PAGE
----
One more that applies to smaller welders (and makes the last advise suck...) Learn when your welder is hot, and give it time to cool down. That welder may only have a 10% or 20% duty cycle. It, and you, will weld like crap one it's overheated.
 

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Discussion Starter #37
One more that applies to smaller welders (and makes the last advise suck...) Learn when your welder is hot, and give it time to cool down. That welder may only have a 10% or 20% duty cycle. It, and you, will weld like crap one it's overheated.
Now THAT is some great advice. Please expand on the duty cycle part. Outside the welder being hot, what else do I look/listen for?

I've figured out.....
  • what a bad ground acts like
  • when the nozzle needs cleaned from splatter
  • what it feels like to have a good bead going from a rhythm perspective

What I cant get right yet.....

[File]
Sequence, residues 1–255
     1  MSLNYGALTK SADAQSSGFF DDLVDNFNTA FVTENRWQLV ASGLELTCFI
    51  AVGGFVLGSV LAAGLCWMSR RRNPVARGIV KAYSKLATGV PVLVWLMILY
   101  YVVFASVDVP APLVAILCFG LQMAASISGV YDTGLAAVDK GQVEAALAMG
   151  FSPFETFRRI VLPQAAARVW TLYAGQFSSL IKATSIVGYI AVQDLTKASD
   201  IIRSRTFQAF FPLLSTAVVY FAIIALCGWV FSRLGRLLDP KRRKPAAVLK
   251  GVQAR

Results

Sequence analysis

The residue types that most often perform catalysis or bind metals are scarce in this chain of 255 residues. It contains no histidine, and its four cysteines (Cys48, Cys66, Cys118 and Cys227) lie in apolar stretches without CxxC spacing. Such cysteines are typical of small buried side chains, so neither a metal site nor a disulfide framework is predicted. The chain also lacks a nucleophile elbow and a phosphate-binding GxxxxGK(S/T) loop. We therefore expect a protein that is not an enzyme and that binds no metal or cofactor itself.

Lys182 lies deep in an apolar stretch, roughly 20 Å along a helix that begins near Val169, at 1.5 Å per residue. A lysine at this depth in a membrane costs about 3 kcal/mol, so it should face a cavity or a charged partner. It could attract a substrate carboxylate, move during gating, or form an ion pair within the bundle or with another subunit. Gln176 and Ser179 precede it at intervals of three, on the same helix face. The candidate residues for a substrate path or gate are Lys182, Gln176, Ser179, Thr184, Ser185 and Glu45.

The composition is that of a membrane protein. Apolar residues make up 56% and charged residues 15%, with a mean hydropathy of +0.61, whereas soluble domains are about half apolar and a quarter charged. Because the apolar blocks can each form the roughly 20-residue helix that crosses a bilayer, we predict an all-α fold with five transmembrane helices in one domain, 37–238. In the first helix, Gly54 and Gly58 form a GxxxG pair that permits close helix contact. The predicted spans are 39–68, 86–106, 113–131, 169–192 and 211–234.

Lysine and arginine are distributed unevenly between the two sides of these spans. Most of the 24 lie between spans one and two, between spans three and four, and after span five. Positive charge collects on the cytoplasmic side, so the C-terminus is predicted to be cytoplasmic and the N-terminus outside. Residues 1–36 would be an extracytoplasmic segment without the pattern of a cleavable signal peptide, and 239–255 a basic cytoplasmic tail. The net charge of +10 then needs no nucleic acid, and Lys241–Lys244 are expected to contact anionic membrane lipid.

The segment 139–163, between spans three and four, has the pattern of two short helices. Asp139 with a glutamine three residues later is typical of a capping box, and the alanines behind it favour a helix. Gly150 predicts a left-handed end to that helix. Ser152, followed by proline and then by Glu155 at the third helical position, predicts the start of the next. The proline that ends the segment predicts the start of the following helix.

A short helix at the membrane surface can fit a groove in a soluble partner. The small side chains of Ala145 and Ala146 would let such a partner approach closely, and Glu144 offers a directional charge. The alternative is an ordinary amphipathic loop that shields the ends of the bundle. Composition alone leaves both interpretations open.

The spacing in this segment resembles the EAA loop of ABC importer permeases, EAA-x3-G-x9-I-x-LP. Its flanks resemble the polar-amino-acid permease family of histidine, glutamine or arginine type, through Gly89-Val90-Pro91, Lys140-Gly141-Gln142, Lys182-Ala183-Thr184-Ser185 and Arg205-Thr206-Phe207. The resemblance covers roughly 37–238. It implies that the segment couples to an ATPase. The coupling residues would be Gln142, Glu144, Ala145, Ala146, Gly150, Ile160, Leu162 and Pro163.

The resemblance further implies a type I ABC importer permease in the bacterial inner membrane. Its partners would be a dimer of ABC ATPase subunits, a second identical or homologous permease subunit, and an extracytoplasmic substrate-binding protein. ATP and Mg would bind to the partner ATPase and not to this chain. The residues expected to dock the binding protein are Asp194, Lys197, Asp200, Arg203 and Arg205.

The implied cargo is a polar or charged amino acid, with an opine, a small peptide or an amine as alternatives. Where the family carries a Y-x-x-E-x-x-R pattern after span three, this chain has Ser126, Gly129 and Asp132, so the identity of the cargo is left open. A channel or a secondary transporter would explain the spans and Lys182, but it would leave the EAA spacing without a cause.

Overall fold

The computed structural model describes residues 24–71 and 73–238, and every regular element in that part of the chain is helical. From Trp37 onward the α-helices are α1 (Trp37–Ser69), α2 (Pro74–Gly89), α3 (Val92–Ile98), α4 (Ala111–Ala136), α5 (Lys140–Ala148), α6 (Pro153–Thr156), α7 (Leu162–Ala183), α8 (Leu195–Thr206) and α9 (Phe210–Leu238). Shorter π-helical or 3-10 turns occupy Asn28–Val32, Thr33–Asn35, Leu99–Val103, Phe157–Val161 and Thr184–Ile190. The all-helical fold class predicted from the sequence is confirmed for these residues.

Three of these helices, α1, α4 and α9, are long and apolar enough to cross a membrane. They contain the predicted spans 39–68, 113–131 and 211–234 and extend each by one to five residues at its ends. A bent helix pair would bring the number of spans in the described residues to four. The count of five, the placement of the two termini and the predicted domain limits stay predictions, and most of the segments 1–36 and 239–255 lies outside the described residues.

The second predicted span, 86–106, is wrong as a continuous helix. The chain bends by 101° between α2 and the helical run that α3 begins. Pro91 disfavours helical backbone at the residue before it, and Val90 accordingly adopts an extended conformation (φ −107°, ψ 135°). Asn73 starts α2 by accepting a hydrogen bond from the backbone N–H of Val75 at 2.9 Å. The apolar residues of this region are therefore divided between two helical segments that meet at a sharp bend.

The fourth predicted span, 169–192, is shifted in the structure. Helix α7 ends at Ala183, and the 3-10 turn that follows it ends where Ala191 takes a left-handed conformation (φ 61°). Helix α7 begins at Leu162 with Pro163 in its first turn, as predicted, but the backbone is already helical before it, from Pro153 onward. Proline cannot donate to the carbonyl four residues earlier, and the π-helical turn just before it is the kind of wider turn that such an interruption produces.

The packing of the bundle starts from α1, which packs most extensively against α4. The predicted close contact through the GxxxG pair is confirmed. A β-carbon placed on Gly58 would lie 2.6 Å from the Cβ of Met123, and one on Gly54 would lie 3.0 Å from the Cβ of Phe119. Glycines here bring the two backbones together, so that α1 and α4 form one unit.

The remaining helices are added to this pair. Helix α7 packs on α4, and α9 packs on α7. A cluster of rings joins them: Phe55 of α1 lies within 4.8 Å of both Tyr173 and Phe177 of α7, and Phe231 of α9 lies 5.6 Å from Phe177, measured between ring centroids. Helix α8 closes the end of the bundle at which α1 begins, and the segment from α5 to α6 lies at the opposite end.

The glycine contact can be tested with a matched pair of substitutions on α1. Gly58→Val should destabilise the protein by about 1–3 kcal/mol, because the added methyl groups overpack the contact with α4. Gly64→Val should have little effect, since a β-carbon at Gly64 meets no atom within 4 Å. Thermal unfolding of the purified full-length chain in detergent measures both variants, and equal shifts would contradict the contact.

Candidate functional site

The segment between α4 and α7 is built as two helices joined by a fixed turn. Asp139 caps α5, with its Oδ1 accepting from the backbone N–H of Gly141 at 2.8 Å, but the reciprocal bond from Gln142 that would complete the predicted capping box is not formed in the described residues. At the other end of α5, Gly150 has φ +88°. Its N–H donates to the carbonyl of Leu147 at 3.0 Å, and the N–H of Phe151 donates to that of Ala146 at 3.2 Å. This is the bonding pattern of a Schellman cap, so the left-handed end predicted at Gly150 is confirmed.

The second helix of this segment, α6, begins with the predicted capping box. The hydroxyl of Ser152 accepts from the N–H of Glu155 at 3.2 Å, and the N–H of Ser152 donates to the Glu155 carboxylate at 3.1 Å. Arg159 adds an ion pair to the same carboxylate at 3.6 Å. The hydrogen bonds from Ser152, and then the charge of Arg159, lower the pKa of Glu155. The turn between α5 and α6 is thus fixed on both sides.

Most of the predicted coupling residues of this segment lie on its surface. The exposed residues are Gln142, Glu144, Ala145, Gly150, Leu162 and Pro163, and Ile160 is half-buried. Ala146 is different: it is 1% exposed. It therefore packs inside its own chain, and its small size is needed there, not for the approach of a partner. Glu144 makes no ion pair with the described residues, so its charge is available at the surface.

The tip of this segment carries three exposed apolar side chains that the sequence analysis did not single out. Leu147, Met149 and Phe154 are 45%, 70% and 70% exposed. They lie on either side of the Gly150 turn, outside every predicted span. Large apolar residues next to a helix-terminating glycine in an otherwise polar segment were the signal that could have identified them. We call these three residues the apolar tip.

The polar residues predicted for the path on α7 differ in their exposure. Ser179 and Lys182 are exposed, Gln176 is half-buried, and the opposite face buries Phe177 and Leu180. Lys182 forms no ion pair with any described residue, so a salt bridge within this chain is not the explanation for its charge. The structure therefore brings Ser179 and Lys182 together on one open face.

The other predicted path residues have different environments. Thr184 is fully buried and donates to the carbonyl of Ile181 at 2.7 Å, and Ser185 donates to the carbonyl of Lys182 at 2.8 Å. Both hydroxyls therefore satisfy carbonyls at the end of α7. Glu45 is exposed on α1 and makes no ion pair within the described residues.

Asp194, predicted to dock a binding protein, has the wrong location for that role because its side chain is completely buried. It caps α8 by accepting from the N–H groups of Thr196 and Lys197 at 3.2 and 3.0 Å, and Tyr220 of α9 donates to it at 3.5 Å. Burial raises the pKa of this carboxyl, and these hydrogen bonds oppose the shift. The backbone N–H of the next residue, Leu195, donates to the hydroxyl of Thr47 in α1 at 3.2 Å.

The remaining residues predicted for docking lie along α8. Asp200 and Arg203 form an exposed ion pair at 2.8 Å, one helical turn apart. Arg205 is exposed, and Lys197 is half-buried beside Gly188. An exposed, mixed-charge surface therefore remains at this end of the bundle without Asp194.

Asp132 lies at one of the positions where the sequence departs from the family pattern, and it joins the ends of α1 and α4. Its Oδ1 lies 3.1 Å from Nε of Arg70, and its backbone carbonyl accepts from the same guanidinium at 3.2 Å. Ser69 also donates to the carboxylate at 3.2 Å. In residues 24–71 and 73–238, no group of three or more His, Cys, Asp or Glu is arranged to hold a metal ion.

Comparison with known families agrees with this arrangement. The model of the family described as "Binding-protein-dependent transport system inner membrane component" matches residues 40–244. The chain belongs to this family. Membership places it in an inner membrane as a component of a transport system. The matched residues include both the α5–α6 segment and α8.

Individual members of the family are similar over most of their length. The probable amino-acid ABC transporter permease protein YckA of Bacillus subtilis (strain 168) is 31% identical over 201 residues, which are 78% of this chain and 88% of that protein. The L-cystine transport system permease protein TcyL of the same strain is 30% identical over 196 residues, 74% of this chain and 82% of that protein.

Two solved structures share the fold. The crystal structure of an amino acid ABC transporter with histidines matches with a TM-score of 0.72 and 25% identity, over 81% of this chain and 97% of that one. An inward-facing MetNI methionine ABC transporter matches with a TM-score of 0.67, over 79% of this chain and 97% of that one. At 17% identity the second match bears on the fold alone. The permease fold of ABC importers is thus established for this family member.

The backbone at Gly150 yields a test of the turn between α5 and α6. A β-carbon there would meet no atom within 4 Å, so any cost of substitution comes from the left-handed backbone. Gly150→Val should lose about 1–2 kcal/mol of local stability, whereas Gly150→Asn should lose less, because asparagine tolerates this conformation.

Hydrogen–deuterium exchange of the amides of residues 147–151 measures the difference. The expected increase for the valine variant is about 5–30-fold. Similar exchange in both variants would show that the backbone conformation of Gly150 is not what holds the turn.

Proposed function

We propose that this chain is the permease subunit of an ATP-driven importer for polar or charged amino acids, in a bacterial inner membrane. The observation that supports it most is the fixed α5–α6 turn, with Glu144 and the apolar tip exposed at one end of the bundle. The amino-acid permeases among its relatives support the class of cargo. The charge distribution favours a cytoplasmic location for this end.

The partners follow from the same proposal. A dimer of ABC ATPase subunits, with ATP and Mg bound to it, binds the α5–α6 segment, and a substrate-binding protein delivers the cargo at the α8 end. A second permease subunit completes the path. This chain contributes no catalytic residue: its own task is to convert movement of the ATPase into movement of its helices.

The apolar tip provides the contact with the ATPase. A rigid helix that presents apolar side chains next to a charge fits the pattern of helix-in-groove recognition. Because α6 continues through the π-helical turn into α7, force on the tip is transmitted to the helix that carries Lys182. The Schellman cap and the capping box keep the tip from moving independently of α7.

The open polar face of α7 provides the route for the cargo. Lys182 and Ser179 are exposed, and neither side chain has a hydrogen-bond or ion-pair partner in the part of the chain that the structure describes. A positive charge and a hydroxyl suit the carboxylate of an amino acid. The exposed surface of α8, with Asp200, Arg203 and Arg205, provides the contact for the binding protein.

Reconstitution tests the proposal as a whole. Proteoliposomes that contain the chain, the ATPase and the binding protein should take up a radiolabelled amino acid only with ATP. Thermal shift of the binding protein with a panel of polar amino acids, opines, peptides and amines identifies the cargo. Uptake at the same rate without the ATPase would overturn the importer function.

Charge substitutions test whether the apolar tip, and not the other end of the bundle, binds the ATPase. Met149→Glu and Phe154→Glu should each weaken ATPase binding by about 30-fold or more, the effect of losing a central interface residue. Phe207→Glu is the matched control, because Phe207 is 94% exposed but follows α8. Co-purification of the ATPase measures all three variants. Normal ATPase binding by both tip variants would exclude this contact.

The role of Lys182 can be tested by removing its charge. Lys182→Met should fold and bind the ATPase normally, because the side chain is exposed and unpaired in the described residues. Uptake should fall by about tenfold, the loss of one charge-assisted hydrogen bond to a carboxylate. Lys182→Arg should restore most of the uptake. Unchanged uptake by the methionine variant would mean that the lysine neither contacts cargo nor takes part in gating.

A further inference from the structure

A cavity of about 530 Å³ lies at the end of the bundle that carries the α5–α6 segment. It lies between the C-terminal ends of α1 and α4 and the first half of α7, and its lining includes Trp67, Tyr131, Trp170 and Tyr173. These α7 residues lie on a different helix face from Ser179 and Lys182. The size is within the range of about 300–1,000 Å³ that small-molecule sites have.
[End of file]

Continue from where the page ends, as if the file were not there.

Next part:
• There are some welds that I can not get straight for long periods.
  • I cant quite get my stick out/nozzle quite right. Meaning....the wire tends to get clogged inside my nozzle from time to time. This seems to happen more often on when welding horizontally. Like when I was welding my flat iron to my angle iron.
  • There are times, when I know its not welding "Just right" but cant stop and reassess.
  • Still learning the best viewing angle to insure straight solid welds.

In any case, I am happy with my results so far. Its a process and I have never been afraid to learn and try things.

Thanks for all the input so far.
 

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Duty cycle is the amount of time per time you can be in full use of the machine. 10 minutes is probably a safe ' per time'. So if you have a 10% duty cycle you can only be on the trigger for 1 minuet total out of 10. If you are welding at a lower than full power arting you can expand this some. You will notice the sound of the weld changing, and the performance will get crappy. At this point kick back and have a beer.

For the feed issues, try to increase the tension on the drive rollers.
 

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Thats enough coach.
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Discussion Starter #39